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A lot of thought has gone into making sure the 172SP is totally authentic with the real Cessna. That is apparent in the way you start the aircraft. Make sure the fuel shutoff is in on the lower pedestal (fuel pump is on), and so is the lean knob...  mixture knob is too the dash and turn the key to start the engine. The propeller will turn but stutter? Try again...  no it still won't start?


Give the aircraft a little throttle, another key turn and...   the Lycoming IO-360-L2A will burst into life! Let the engine warm up and then settle it back into idle. Love it.


As the engine crackles your vision is slightly moving with the vibration. This is the G-Effect feature, and it is to give you an authentic movement as you fly the aircraft.


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Before departing I try out the lighting. The Navigation lights are beautiful and well done, and so is the tail beacon. There is a taxi and landing light in the left wing, but looking closer the actual light is a bit like a rough diamond than a smooth surface, but the light itself is good.

Park brake off with a loud thunk and we are moving.


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Touch the brake to check the forward speed and Whoa!  You get this severe forward movement that your head is about to go through the windscreen? Don't like that?  It is not the idea doesn't work it is the severity of it. X-Plane has two brake modes "regular" in 50% brake action and "Park" for 100% brake. Here you get 100% every time you even lightly touch the brakes, so you don't actually taxi but hop and bounce your way to the runway, so you try every angle not to "touch that damn brake", on landing it is a real pain in freezing the wheels and catapulting you out of your seat and into the glass, just for trying to slow down the aircraft. It is just too violent and at 50% would have been far better and softer, I didn't like it at all, and I doubt the real aircraft is as severe (I hope). The visual G-Effect movement is quite odd as well but you soon get used to it.


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Sounds are exceptional, there no doubt that AirfoilLabs has got the rough aircooled four-stroke clatter down right. On the hold the aircraft sounded perfectly authentic and real, throttle up and you get that roar and wind you know well. The aircraft has the excellent DreamEngine Sound plugin with 140 different sounds and range with Doppler Effect and Atmospheric Attenuation...  So okay it is very good.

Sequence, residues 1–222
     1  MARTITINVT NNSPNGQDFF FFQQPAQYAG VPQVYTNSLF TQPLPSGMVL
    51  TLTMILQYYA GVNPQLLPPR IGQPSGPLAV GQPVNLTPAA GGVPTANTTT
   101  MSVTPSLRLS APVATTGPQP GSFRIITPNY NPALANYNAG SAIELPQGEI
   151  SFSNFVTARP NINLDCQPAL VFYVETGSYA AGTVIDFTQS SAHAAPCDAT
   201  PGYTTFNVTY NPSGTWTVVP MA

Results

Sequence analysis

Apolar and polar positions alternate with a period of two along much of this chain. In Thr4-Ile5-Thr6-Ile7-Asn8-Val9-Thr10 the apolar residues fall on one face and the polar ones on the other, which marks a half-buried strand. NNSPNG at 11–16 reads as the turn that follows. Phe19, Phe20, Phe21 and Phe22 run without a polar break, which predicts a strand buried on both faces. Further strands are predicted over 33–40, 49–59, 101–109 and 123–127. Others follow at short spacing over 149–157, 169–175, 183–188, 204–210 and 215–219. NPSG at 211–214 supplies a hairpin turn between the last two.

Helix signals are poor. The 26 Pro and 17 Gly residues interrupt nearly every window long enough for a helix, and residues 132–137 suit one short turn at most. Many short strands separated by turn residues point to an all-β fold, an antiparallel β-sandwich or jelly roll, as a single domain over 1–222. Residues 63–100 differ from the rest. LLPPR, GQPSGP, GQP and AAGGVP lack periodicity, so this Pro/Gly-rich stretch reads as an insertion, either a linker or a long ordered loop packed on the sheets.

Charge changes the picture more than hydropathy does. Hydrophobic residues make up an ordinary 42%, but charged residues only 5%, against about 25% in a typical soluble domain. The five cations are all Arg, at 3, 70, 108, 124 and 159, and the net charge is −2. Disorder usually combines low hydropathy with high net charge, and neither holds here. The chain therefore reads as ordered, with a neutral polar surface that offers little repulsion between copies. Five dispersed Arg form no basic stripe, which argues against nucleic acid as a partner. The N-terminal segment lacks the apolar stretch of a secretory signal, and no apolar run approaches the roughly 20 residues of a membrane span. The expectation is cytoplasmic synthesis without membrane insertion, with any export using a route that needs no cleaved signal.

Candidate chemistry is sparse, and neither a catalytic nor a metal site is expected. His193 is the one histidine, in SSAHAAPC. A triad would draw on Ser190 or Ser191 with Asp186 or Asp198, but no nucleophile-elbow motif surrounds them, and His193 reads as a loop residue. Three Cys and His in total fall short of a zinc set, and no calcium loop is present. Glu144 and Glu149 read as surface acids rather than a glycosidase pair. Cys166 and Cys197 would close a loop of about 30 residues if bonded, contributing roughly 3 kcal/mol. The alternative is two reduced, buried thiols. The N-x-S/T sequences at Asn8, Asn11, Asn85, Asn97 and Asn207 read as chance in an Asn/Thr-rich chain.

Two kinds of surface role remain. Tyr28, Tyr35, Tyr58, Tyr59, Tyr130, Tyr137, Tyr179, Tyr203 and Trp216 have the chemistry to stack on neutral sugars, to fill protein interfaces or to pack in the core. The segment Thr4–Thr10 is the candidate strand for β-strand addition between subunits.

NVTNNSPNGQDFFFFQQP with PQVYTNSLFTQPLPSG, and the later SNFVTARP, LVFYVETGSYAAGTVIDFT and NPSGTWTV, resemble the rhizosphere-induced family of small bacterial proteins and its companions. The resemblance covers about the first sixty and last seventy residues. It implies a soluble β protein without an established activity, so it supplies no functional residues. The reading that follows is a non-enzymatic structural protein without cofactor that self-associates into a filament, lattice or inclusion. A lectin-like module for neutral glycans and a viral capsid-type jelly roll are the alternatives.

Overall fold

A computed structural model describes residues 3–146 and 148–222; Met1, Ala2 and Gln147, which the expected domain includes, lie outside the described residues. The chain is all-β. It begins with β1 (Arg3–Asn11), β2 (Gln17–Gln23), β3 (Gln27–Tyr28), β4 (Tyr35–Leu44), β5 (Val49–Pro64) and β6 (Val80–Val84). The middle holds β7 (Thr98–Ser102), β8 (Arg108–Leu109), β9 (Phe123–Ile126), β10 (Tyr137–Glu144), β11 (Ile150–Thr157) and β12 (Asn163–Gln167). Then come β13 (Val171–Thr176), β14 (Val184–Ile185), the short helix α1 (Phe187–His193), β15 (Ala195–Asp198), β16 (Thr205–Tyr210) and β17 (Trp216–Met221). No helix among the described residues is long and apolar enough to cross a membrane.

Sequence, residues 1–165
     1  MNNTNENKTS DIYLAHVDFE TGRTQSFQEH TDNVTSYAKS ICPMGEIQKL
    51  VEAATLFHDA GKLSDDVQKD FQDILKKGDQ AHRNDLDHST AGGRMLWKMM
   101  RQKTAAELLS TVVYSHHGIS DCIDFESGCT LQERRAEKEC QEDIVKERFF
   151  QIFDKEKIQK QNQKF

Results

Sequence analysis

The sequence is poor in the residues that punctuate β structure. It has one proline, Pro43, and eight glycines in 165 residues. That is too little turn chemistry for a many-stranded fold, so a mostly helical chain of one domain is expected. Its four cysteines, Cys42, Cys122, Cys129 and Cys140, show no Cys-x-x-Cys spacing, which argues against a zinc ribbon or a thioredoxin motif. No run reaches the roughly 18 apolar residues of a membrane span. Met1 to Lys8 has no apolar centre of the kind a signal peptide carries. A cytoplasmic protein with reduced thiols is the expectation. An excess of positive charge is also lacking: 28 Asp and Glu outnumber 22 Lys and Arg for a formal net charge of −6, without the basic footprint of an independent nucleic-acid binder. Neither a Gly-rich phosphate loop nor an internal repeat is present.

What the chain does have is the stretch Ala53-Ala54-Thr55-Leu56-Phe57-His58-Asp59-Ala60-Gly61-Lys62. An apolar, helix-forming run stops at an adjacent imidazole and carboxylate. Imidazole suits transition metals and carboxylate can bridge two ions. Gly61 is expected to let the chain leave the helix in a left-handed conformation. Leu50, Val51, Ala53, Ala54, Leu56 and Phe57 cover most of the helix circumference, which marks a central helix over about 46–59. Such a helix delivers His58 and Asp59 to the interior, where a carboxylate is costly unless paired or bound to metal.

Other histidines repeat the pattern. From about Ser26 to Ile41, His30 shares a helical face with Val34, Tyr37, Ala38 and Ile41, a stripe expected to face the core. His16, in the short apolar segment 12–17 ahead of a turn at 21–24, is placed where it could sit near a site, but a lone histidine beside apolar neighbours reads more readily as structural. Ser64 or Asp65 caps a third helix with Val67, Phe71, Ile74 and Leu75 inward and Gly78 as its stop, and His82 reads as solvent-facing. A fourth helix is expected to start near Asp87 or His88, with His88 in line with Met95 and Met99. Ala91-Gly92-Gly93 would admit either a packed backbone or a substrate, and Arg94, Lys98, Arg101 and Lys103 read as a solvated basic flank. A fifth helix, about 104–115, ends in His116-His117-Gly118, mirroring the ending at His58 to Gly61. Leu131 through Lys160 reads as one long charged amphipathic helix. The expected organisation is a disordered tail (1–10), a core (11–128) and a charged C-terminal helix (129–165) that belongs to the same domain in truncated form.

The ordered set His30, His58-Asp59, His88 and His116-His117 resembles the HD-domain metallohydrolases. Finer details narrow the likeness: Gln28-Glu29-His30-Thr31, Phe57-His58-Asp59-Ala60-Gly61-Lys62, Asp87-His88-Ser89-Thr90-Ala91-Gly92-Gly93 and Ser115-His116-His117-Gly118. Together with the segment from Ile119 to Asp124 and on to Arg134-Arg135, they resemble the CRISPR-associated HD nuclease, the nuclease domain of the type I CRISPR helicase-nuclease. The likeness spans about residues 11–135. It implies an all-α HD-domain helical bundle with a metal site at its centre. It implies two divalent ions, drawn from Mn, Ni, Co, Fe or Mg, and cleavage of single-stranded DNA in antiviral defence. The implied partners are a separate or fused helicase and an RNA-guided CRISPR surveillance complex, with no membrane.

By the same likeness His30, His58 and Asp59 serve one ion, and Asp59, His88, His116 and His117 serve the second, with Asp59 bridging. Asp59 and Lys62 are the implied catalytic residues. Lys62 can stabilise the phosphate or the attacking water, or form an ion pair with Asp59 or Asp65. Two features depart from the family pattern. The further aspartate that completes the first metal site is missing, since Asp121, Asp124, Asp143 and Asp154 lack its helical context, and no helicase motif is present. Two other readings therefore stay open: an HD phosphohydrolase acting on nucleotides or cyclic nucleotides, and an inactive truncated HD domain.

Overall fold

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Throttle in and you are moving with the featured visual movement backwards, the thrust will send you slightly off line to the right but that is normal and needed to be corrected. At 65knts and the aircraft wants to fly and a slight pull of the yoke and your easily airborne. The aircraft is jittery when you first get all the axis loose together and you will find yourself looking for the aircraft's balance, certainly experience with the aircraft will smooth this out, but this is a first impression.


Once found it is great to balance and fly, this a basic trainer after all. It will however if you are not smooth then give you a very moving and visual disorientation, that can be again a bit too severe, and too the point here that I couldn't fly the aircraft and had switch it off as my pitch was sending me into the ground even as I was trying to keep the aircraft level, It is distortional to what is natural if you are trying to fly the aircraft. The basics are correct but it is just too disorientating for my tastes. All these movements are certainly great, but too violent and disorientating if you don't keep the aircraft very, very smooth, but even a bank turn can make you think you are on LSD!


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Trimming the aircraft is essential, and it takes a little practise to get the balance right. but you can feel the changes and the feel of this C172SP is very good so that helps. But trimming the Cessna perfectly has another reason to get it right...  The KAP 140 Autopilot is a real sensitive bugger unless that trim is absolutely, perfectly, annoyingly, frustratingly on the button in being absolutely minutely perfect to lock on. If not you get a beep, beep... and no activation. You actually think it is broken, but it is not... It just hates you!


Once (finally and ten NM off course) activated it is thankfully very good. You will love the Yoke action that follows the autopilots commands, but if you pull on the Yoke it will also disconnect for manual flying.


You are not going to go very fast anywhere in the C172SP, this little aircraft goes slower at 122knt cruising speed than most aircraft go on final approach, some even on the runway in reverse thrust...  So you have tons of time to take in the very slow moving scenery, Vertical speed is not riveting either at a top of 700 fpm or usually 500fpm and wanting to test out the aircraft's ceiling altitude 13,500 ft (4,100 m) is going to take an afternoon, going down thankfully is a little faster.